Increasingly, government mandates require insurance coverage of blood glucose monitors and test strips for patients with type 1 and type 2 diabetes. No data exist on the effects of such coverage on self-monitoring of blood glucose (SMBG), medication compliance, or blood glucose control. We evaluated whether a policy providing free blood glucose monitors increased SMBG and whether initiating SMBG was associated with increased regularity of medication use and improved glucose control (hemoglobin A1c [HbA1c] level).
Using interrupted time-series analysis and controlling for preintervention trends, we determined changes in rates of SMBG 2 years before and after the policy among 3219 continuously enrolled patients with diabetes receiving drug therapy within a multispecialty medical group (part of a health maintenance organization) serving approximately 300 000 patients. We also compared changes over time in regularity of medication use (mean days between dispensings) and mean HbA1c level among initiators and noninitiators of SMBG.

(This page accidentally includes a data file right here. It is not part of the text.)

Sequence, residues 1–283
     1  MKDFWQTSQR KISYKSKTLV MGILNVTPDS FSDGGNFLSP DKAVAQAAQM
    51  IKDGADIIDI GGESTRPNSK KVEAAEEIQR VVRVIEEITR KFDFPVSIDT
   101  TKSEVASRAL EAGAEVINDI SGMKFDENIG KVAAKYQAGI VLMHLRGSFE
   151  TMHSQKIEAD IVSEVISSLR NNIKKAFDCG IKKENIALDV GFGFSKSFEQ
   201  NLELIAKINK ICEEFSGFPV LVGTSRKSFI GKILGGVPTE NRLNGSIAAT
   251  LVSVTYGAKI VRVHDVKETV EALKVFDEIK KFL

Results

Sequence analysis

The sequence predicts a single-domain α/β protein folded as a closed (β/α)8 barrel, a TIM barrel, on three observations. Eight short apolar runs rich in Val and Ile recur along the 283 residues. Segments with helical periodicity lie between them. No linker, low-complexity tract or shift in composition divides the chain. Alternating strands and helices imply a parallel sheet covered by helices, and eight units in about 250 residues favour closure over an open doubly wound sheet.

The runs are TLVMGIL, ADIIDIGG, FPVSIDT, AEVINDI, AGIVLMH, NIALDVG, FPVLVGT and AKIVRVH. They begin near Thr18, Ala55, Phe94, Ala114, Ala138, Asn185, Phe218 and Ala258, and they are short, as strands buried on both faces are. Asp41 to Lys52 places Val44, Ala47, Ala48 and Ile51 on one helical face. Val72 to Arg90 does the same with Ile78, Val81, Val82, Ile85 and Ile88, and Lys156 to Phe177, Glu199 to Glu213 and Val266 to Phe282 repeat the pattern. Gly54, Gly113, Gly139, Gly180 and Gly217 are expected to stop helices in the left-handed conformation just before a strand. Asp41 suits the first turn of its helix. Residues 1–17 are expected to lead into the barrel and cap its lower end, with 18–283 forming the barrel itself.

The policy resulted in a small, significant increase in SMBG among insulin-treated patients (n = 1428). Among sulfonylurea-treated patients (n = 1791), the monthly initiation rate of SMBG increased by 14 new patients per 1000 (95% confidence interval [CI], 10 to 17), a doubling of the expected initiation rate. Test strip consumption increased during the first 6 months after the policy by 17.9 strips per cohort member (75% relative increase by 6 months; 95% CI, 50% to 101%). Compared with noninitiators of SMBG, initiators (n = 593) showed sudden, significant improvements in regularity of medication use by 6 months after initiation (−19.5 days between dispensings among those with low refill regularity [95% CI, −27.7 to −11.3]; −9.7 days among those with moderate regularity [95% CI, −12.3 to −7.1]), and in glucose control (−0.63% mean HbA1c level [as percentage of total hemoglobin] among those with poor baseline glycemic control [HbA1c >10%; 95% CI, −1.14% to −0.12%]).
Providing free glucose monitors improved rates of self-monitoring in this health maintenance organization population, possibly by offering an initial incentive for patients to engage in more desirable patterns of care. Initiating SMBG was associated with increased regularity of medication use and a reduction in high blood glucose levels.